1. Make sure that your uke is unbalanced and that his weight is over his front (supporting leg.) This prevents him from being able to stand up or struggle further. When his rear leg is kicked out, the uke's front leg can not support all of his body weight and will collapse causing the throw to happen.

2. The closer you can cross-step back into your opponent's body, the better the throw. Try to get as close to the center line as possible. Vary your entry into the technique until you find the position that you need to be in.

3. Uchi Mata usually involves a kick to the rear leg. If your legs are short, or the distancing improper, you may still be able to finish the technique by slamming your whole leg and not just your foot into the uke's leg. Slamming the back of your thigh into their leg may also be dynamically better suited to you if you are a smaller person.

4. Use your body to turn your opponent, not just your hands. Remember to also use the power contained in the yoko aruki -- the twisting of the hips, the bending of the knees. Good taijutsu will make the throw happen effortlessly. If you find yourself struggling or having a hard time moving your partner around, it may be because you are concentrating solely on your upper body. Examine what your feet are doing as well.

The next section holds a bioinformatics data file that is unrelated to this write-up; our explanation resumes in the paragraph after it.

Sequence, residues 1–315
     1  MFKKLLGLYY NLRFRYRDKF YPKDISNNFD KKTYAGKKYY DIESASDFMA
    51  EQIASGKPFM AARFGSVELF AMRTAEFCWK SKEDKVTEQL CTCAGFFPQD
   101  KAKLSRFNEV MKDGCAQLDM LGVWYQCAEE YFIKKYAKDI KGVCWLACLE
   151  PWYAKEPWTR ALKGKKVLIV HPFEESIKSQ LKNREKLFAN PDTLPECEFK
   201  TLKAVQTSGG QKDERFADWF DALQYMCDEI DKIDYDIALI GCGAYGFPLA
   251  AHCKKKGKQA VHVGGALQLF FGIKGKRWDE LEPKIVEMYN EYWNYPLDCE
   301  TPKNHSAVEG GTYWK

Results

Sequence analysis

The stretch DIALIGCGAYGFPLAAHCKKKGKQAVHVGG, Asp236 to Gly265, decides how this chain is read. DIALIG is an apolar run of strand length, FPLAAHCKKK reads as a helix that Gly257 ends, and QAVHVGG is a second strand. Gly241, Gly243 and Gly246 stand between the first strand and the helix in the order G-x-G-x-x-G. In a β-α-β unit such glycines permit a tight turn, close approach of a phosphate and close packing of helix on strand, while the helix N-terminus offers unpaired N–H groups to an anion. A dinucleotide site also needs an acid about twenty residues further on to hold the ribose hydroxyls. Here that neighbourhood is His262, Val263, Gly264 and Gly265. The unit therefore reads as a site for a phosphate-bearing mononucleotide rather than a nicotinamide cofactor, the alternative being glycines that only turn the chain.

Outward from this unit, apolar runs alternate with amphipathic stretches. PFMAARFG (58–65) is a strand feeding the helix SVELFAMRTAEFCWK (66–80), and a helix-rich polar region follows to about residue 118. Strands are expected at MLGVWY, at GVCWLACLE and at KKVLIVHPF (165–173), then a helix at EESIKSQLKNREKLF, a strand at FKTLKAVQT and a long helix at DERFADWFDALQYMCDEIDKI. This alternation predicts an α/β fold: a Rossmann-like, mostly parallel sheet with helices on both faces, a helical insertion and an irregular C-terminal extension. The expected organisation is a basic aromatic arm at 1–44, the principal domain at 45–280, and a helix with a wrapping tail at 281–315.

These are some of my insights into Uchi Mata, my second favorite throw -- Taki Otoshi winning the prize in my book. I hope that they've helped to clear up some of your questions. Try them out -- carefully -- and let me know the results!

Frances Sanchez has been training for over four years and is a close personal friend of the editor. She may be reached via the editor at: <>.


Mats Hjelm

"The information presented here is based upon the research of me personally, with great help from others (mentioned where appropriate) and has not been verified by, nor received the approval of Hatsumi Soke. It is presented only as the researcher's interpretation of history and should not be taken as fact."
History of Togakure Ryu Ninjutsu Mount Hei-zan is where the Enryakuji (headquarters) of Tendai monastery is located. So-o was a monk at this place, but left to live for three years in a cave as an ascetic. It was after a dream that he formed the Tendai Shugendo sect of Buddhism. These monks still exist today and some are still engaged in the Kaihogyo (the proper name for what everyone is referring to as Shugendo). It was within this sect, in a small village called Togakure (now Togakushi) in the prefecture of Nagano (close to the Nagano/ Gunma-ken border) in Jyoshinsetsu National Park, in approximately 1165 that Daisuke Nishina, a Samurai, was born. It is within the Tendai sect that 750 years later the 33rd Soke of the Ryu is supposed to have become "an Abbot", on Mount Hiei-zan.